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SCOTT SIMON, host:

The United States Army is overhauling its basic-training program for the first time in 30 years. The military says the process of transforming civilians into soldiers needs to keep pace with the new realities of war in Iraq and Afghanistan, and a new generation of soldiers whose experience with fighting is usually limited to video games.

Lieutenant General Mark Hertling is in charge of updating the Army's basic-training program. He joins us on the phone from Fort Monroe in Hampton, Virginia. General, thanks very being with us.

Lieutenant General MARK HERTLING (U.S. Army): Well, thanks very much for having me.

SIMON: So how has nearly - really, nearly a decade now of U.S. combat in Iraq and Afghanistan informed the military's approach to training?

Lt. Gen. HERTLING: Well, we - as a military, we certainly always learn things from combat experiences. But I think particularly during the last eight years of war in Iraq and Afghanistan - and in other places as well that maybe don't see as much headlines - we've learned quite a few things about what we were doing right, and what we needed to polish in terms of improving our forces.

We also have really found a new generation of soldiers, what some may call the millennial generation, who are advanced in terms of their use of technology, and maybe not as advanced in their physical capabilities or ability to go into a fight. So we're taking that into consideration as well in doing this holistic review of how we do training.

SIMON: You just used the world holistic.

Lt. Gen. HERTLING: I did.

SIMON: I wasn't expecting that from an Army general.

Lt. Gen. HERTLING: Well...

SIMON: And that might be what you're talking about.

Lt. Gen. HERTLING: It is, it is indeed. What we've done, in fact, in part of the basic training review is change the amount of hours we deal with what I think the uninitiated would call hand-to-hand combat, but what we call combative - how to fight. And it's including things like the use of weapons - knives, bayonets, sticks; even the rifle can be used as a weapon without shooting it - and how we use skills like kicking, punching, holds, a combination of martial arts and fighting, and just advantaging different moves as we're in close combat situations, which we think we'll be in for a very long time.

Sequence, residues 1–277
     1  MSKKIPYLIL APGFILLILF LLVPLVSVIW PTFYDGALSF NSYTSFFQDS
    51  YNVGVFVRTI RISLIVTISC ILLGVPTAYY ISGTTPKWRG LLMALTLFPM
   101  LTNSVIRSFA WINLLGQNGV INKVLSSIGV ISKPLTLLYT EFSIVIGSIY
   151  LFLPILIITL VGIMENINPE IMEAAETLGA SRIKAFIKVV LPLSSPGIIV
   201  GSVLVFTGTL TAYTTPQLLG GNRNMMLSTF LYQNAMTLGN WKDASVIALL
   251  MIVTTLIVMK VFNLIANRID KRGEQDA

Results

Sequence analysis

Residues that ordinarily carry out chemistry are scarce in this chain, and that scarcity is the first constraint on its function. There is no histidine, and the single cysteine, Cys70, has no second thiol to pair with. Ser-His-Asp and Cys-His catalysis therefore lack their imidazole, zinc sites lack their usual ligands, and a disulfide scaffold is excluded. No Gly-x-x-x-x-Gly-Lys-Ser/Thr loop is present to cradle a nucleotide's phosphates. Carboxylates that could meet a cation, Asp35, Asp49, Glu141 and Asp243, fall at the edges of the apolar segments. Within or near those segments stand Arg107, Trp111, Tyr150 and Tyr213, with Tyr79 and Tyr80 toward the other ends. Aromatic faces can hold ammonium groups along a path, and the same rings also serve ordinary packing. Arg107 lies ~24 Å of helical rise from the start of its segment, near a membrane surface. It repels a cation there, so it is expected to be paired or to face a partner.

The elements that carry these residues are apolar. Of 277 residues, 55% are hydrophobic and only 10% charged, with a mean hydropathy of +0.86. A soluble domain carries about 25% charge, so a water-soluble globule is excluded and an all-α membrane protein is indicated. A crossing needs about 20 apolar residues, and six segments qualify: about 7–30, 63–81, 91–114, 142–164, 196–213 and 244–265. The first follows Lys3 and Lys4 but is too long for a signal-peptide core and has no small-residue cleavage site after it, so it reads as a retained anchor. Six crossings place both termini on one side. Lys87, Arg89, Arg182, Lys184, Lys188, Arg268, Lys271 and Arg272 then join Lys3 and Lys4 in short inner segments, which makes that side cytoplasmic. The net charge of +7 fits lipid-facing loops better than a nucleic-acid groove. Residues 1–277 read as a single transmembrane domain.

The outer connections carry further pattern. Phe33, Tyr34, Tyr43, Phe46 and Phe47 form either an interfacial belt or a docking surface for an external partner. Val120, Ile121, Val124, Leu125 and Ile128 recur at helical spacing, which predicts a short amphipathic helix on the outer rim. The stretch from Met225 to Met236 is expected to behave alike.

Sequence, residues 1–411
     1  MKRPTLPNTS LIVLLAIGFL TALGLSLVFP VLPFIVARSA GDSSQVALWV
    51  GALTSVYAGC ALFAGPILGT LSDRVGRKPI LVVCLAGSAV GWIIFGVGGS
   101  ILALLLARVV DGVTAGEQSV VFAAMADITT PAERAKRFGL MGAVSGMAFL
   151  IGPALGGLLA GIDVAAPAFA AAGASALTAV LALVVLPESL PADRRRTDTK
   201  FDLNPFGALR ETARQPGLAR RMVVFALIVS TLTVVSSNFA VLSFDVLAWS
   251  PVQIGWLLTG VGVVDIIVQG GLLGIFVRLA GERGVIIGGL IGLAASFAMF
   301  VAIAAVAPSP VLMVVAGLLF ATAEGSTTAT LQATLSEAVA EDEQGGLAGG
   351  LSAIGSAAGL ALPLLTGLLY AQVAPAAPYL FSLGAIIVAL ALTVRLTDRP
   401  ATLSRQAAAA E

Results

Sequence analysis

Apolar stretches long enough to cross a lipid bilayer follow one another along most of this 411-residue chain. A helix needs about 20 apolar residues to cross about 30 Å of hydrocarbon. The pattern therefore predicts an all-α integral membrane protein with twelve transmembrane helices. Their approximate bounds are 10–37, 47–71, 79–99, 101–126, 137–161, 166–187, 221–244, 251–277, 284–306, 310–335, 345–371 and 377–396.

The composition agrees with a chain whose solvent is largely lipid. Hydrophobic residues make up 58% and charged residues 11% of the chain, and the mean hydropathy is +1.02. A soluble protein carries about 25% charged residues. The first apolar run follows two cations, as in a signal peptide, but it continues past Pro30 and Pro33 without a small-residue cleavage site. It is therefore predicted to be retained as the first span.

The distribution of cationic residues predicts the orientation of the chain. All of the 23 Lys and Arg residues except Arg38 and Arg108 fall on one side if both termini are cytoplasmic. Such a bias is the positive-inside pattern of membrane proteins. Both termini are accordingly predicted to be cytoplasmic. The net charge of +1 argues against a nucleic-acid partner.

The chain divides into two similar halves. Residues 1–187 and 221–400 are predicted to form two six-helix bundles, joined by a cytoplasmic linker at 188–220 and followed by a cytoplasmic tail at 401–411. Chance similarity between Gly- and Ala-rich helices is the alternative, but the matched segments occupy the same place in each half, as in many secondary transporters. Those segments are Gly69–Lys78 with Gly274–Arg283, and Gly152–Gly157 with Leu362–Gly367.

SIMON: Well, do some recruits, when they get to you, are they - if I might put it this way - are they marshmallows compared to the, you know, the Tom Hanks, Steven Spielberg generation?

Lt. Gen. HERTLING: I think we are seeing a decline, across the board, in America. And in fact, it concerns many of us in the military, and we're watching it very closely. This isn't a decline in our recruits; this is a decline in our American society in terms of their physical capacity. It's just a softer generation. But we can't afford to accept that. I mean, we've got to train soldiers to climb the peaks of Afghanistan, or subside in the deserts of the Middle East or anywhere in the world.

SIMON: General, are recruits these days less inclined, to use that old phrase, to salute smartly and charge up the hill when ordered?

Lt. Gen. HERTLING: I would say we certainly have a generation that is not as disciplined when they enter the military. And some of the things that we are doing, which has always been a part of our profession, are very different than what many of these young men and women are seeing on the block. So whereas they might have what they believe is a form of courage or discipline, it's not what we expect of a soldier in very tense and difficult situations.

SIMON: So what do you think of this generation of recruits?

Lt. Gen. HERTLING: I think they're magnificent, and I'm not saying that just because I'm supposed to be politically correct as the guy who's in charge of training all these young men and women. But I got to tell you, Scott, I talk and walk and listen to these young men and women. They're different. They have a technology edge. I think they're smarter than any generation we've ever had before.

They certainly ask a lot more difficult questions. They team differently. They have loyalty and - but I think the most important thing about this generation, this generation of millennials, as I said we call it, is the fact that they want to change the world. They want to contribute to something that's bigger than themselves.

SIMON: Well, general, hoo-ah.

Lt. Gen. HERTLING: That's very good. You can join up if you'd like.

SIMON: Doesn't sound like I'm tough enough, but thanks very much. Lieutenant General Mark Hertling.

Lt. Gen. HERTLING: Thank you, Scott. Appreciate the interest.

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